Fired staffer fights back in B.C. research scandal
Lawsuit sheds light on government allegations against researchers
Seven workers who were either fired or suspended in a health research scandal now no longer work for the government, but one of them is fighting back.
Dr. Margaret MacDiarmid, B.C.'s health minister, announced in September that the ministry had launched an investigation into the relationship between university researchers seeking grants and some employees in the ministry division that decides what drugs B.C.'s Pharmacare program covers.
At that time three employees had been fired and four had been suspended.
MacDiarmid said Wednesday all the employees are now gone, including one who was suspended and later filed a defamation suit against her ministry.
Once anyone goes forward and says they've been constructively dismissed, then they don't work for the employer anymore," MacDiarmid said.
"None of them any longer work for the ministry."
In September, MacDiarmid said she was "deeply troubled" over the allegations within her ministry, but she said Wednesday she can't give any further details in order to protect the privacy of those involved.
But the ministry filed a statement of defence earlier this month in response to a defamation lawsuit from Malcolm Maclure, who was a director of research and evidence development with the ministry's pharmaceutical services division.
'Preferential treatment' alleged
The statement of claim and the statement of defence contain allegations and claims yet to be proven in court.
The statement of defence denies all of Maclure's allegations and also sheds some light on the issues involved in the scandal.
The statement of defence said that Maclure was suspended for failing to comply with policies and procedures by "giving preferential treatment to his preferred candidate and member of his extended family."
It also alleged Maclure disclosed confidential information and accused him of "facilitating or knowingly failing to prevent the unauthorized access to data by employees and/or third parties."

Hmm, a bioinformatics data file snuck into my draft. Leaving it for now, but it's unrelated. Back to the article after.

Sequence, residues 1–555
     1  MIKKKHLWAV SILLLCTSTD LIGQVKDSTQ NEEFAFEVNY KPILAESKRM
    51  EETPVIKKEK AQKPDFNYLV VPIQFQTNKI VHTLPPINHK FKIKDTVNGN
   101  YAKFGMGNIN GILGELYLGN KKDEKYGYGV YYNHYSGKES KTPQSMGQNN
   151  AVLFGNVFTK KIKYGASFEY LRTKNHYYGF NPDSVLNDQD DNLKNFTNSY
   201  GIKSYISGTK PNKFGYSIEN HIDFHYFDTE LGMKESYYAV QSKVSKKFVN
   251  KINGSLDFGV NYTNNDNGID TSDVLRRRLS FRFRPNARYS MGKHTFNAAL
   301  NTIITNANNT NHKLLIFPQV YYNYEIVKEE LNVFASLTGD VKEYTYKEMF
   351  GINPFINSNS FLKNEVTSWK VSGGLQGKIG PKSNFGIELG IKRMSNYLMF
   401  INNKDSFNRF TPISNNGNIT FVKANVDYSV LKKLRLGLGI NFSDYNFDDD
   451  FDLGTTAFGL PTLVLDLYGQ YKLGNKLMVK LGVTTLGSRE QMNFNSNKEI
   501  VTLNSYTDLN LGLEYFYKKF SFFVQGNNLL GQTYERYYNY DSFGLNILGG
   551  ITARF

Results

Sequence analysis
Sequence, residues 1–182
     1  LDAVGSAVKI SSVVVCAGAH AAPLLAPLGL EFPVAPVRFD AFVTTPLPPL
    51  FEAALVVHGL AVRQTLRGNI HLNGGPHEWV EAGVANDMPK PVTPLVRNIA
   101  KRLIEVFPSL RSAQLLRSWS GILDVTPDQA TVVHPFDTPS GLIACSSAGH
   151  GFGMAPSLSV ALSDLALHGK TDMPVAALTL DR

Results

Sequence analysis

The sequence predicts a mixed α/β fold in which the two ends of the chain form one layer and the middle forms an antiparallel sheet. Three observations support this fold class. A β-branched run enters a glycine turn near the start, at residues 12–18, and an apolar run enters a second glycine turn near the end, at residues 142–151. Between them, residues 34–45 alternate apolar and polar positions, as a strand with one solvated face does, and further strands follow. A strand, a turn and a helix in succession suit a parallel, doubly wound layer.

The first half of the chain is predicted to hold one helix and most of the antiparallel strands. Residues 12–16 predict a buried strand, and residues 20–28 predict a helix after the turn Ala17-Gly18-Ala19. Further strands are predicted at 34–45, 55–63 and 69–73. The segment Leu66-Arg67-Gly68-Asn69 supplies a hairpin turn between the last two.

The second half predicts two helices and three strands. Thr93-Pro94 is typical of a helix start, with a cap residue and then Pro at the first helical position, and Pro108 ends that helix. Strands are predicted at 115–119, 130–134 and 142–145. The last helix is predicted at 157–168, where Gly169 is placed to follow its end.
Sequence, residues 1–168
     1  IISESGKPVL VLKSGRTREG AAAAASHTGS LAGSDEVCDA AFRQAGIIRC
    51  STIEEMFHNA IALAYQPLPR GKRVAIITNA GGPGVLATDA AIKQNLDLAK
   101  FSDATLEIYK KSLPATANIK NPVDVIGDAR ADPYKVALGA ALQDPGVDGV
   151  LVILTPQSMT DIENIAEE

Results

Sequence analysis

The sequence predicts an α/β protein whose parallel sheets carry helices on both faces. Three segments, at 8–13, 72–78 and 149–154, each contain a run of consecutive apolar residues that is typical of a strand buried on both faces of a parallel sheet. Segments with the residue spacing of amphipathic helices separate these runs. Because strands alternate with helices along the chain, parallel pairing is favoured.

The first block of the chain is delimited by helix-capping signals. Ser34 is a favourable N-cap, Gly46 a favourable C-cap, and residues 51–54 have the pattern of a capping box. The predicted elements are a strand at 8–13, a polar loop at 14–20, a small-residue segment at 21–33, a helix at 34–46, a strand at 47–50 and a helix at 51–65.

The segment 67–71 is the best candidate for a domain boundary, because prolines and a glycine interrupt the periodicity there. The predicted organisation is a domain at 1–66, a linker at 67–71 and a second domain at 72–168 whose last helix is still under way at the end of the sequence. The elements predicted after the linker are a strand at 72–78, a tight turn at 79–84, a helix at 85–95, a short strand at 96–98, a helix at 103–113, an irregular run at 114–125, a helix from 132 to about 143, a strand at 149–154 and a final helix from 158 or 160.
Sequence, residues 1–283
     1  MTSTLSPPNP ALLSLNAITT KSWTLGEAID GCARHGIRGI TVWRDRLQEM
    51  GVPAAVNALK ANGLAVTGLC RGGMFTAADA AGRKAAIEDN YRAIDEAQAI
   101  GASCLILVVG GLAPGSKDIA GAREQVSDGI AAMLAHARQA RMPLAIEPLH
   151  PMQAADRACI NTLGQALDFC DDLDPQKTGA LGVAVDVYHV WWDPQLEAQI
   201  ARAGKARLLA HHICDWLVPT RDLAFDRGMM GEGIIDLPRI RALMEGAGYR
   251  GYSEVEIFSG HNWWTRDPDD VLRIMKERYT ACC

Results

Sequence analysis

The statement of defence argued that Maclure ended his employment himself by having his lawyers notify the ministry that Maclure considered his employment to be at an end.
Maclure said in his suit filed Sept. 14 that he enjoyed an "exemplary" reputation as a "world leading authority" in the field of health services epidemiology and had served as a "distinguished scholar" at Harvard's school of public health and at the school of health information science at the University of Victoria.
"He was at all times during his employment, scrupulous in avoiding conflicts of interest and diligent in preserving and improving data privacy," state the documents.
He said in his suit that he was on holiday with his family in Europe in June when his government email account was shut down and he was sent a letter through his wife's email account informing him he had been suspended.
His suit said his suspension was made known within the Health Ministry and was made worse by media stories about the allegations of inappropriate access to medical information.
Maclure's suit alleged he was identified and the implication was that he was involved in the misuse of health data, was involved in breaches of patient privacy and is guilty of serious employment misconduct.
"The high-handed and callous conduct of the defendant, as set out herein, which has defamed the plaintiff, is ongoing and entitles the plaintiff to punitive and exemplary damages," the suit noted.
MacDiarmid said Wednesday she isn't sure how long it will take for the investigation.